On the home front the honeymoon is almost over. Now we are planning on trying to move into a house in the Pacific Northwest Region. Someplace that we both can afford and it isn't a killer commute for either of us. Someplace that is cheap, has a lawn, and various other features. You know the American dream of having a home, picket fence, and hopefully a ton of kids toys out front. What I really want though when we get a house is a dog. I would love to have a Lab. Honestly, how can you not smile coming home to dog that is just so happy to please and is a great family dog, either that or a German Short Hair Pointer. Both of these are fun, happy, family style dogs. However, my significant other wants to have a small dog. Which I am not opposed to. I just haven't grown up with a little dog. Oh well, just one of those things that I will need to work through as life comes along.

As to the rest of the house. I would love to just have a man cave for myself and a few of my hobbies.



08 December 2008

A speech that changed a nation

Full text of the speech:

Mr. Vice President [Henry A. Wallace], Mr. Speaker [Sam Rayburn], members of the Senate and the House of Representatives: Yesterday, December 7, 1941 -- a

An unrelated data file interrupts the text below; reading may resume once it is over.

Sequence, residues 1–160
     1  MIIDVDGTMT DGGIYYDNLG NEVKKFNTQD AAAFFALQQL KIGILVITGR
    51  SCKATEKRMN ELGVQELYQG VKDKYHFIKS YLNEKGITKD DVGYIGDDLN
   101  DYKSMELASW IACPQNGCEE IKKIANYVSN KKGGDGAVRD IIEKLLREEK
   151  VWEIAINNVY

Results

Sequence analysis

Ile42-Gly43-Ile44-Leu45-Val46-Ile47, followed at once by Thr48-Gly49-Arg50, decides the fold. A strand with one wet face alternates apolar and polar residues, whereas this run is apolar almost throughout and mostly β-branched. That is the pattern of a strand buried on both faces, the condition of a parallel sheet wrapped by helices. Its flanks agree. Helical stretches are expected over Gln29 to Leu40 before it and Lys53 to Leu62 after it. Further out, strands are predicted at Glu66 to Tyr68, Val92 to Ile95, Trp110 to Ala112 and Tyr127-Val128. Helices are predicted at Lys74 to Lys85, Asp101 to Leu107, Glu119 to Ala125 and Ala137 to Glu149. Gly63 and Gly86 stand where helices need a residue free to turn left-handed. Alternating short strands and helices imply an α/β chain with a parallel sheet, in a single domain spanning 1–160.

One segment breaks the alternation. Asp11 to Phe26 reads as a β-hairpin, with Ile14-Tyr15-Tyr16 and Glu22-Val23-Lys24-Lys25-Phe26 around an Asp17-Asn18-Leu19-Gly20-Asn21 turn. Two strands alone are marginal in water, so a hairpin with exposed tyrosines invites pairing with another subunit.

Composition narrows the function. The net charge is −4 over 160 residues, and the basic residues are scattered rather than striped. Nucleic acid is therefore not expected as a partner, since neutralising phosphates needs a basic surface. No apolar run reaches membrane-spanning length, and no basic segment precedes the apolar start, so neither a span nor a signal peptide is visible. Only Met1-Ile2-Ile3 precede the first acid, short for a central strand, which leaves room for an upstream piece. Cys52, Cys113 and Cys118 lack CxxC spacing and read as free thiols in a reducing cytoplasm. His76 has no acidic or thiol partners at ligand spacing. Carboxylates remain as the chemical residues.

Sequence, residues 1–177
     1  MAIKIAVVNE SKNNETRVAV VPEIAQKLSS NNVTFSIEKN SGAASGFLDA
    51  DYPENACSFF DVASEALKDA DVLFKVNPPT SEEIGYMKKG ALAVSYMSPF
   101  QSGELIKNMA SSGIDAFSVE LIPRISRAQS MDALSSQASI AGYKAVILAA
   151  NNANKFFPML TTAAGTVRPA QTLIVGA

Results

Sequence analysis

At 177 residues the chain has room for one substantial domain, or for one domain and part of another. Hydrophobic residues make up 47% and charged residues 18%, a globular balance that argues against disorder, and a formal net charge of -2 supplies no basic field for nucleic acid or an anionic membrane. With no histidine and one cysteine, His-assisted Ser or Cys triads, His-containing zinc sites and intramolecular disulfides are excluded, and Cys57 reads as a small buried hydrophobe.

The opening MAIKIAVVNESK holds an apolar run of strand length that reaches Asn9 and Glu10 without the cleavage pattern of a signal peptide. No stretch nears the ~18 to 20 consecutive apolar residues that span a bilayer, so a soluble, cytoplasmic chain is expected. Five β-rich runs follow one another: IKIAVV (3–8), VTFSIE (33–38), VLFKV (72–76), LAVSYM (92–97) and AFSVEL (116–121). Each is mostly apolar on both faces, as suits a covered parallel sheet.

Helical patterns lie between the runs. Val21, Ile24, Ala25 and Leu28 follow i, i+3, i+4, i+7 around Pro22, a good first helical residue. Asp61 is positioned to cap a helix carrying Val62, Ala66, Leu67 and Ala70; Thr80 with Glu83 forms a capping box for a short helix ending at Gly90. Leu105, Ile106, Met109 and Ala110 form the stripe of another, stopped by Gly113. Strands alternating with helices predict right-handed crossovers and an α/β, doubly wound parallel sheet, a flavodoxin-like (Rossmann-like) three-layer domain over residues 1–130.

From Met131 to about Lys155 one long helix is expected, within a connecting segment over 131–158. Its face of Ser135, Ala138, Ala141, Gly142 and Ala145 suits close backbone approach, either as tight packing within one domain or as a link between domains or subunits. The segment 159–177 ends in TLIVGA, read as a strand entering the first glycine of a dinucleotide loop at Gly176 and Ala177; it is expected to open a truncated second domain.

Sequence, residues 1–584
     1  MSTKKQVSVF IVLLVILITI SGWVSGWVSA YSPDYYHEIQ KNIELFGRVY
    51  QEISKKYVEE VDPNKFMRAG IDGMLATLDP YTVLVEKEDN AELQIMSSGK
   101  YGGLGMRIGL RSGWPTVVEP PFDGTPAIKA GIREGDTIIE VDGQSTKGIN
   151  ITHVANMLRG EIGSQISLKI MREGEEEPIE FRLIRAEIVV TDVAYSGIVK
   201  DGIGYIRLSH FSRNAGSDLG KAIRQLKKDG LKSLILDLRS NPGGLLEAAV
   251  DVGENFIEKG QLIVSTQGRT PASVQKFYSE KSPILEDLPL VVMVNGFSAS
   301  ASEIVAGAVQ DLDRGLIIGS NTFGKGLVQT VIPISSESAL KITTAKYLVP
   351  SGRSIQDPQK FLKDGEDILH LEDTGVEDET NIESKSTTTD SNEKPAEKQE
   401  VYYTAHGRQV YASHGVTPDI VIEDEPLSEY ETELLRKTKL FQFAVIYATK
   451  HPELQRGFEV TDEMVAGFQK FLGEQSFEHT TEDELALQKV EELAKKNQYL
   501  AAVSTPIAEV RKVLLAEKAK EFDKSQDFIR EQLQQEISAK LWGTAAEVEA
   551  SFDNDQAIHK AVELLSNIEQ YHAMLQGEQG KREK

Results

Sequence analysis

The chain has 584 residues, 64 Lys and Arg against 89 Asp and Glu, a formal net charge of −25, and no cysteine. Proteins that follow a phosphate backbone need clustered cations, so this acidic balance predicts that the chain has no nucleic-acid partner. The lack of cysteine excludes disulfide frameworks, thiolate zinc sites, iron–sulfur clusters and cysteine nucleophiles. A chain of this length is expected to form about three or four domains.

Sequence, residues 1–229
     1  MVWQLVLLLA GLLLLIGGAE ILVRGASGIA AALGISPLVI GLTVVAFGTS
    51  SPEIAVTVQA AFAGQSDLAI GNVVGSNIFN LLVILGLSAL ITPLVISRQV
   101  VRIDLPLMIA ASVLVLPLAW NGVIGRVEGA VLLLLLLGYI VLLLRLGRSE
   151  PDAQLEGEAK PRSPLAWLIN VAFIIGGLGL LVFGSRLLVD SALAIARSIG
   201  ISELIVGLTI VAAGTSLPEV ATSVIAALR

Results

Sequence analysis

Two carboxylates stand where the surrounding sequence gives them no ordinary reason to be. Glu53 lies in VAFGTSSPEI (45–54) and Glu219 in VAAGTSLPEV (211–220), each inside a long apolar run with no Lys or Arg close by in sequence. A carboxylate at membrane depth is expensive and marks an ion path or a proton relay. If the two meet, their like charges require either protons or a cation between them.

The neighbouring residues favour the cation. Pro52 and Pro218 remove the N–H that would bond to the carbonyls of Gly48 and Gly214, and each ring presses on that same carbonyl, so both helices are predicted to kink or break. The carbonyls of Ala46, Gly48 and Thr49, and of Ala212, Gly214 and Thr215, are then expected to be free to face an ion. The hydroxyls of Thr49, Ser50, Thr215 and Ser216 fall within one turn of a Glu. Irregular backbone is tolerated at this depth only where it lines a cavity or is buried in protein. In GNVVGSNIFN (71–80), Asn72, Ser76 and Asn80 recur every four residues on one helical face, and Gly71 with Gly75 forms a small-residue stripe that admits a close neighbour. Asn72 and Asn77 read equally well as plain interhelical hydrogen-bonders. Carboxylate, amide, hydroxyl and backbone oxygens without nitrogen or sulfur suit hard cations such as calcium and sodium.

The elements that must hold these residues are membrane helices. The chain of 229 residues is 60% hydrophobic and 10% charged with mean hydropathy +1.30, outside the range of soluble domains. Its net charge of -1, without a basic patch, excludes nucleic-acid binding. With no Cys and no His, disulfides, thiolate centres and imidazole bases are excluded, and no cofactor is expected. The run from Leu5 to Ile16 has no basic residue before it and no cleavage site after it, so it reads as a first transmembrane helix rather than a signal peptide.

date which will live in infamy -- the United States of America was suddenly and
deliberately attacked by naval and air forces of the Empire of Japan.

The United States was at peace with that Nation and, at the solicitation
of Japan, was still in conversation with its Government and its Emperor looking
toward the maintenance of peace in the Pacific. Indeed, one hour after Japanese
air squadrons had commenced bombing in Oahu, the Japanese Ambassador to the
United States and his colleague delivered to the Secretary of State of form
reply to a recent American message. While this reply stated that it seemed
useless to continue the existing diplomatic negotiations, it contained no threat
or hint of war or armed attack.

It will be recorded that the distance of
Hawaii from Japan makes it obvious that the attack was deliberately planned many
days or even weeks ago. During the intervening time the Japanese Government had
deliberately sought to deceive the United States by false statements and
expressions of hope for continued peace.

The attack yesterday on the
Hawaiian Islands has caused severe damage to American naval and military forces.
Very many American lives have been lost. In addition American ships have been
reported torpedoed on the high seas between San Francisco and Honolulu.

Yesterday the Japanese Government also launched an attack against

Last night Japanese forces attacked Hong Kong.

night Japanese forces attacked Guam.

Last night Japanese forces attacked
the Philippine Islands.

Last night the Japanese attacked Midway Island.

Japan has, therefore, undertaken a surprise offensive extending
throughout the Pacific area. The facts of yesterday speak for themselves. The
people of the United States have already formed their opinions and well
understand the implications to the very life and safety of our Nation.

As Commander-in-Chief of the Army and Navy I have directed that all
measures be taken for our defense.